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Gum Allograft vs. Autograft

Gum Allograft vs. AutograftWhen degenerated gum tissue leads to the exposure of root surfaces, gum grafting may need to be performed. Gum grafting surgery will reduce tooth sensitivity and restore damaged gum tissue.

In order to perform gum grafting surgery, grafting materials such autografts or allografts may be used. There are significant differences between the methods of gum restoration; however, these grafts essentially serve the same purpose.

A gum autograft surgery is performed with tissue that is transplanted from one site to another within the individual. This procedure is highly effective and promotes cell interaction and integration. However, the slight disadvantage of autograft surgery is tissue harvesting from a secondary site. This particular procedure will require proper healing of both sites in order to be deemed successful.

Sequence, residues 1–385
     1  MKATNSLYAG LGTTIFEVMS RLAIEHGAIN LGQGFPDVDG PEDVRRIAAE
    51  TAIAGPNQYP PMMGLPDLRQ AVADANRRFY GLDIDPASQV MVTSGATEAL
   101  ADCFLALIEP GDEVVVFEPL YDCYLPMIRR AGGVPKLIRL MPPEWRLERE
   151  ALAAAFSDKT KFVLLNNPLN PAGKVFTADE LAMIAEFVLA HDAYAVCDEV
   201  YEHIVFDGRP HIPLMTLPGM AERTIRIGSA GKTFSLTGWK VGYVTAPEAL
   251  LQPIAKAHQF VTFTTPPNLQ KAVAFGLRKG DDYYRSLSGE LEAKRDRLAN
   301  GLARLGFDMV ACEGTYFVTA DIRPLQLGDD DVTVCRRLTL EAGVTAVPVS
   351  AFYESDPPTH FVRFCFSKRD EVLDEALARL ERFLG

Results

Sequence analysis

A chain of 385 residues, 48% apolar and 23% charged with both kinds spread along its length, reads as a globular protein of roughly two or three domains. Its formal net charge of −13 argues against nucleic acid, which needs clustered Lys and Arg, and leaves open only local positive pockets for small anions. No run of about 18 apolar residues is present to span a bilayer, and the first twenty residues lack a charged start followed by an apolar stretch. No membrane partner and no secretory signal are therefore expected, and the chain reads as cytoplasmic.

Patients may opt for gum allograft surgery where tissue is derived from a donor source. This source is typically acquired from tissue banks that extensively process and screen all donated tissue in order to avoid cross contamination of host diseases. All donors are pre-screened for any infectious diseases prior to being accepted into tissue banks. The process of healing with allograft is relatively efficient since there is no secondary surgical site.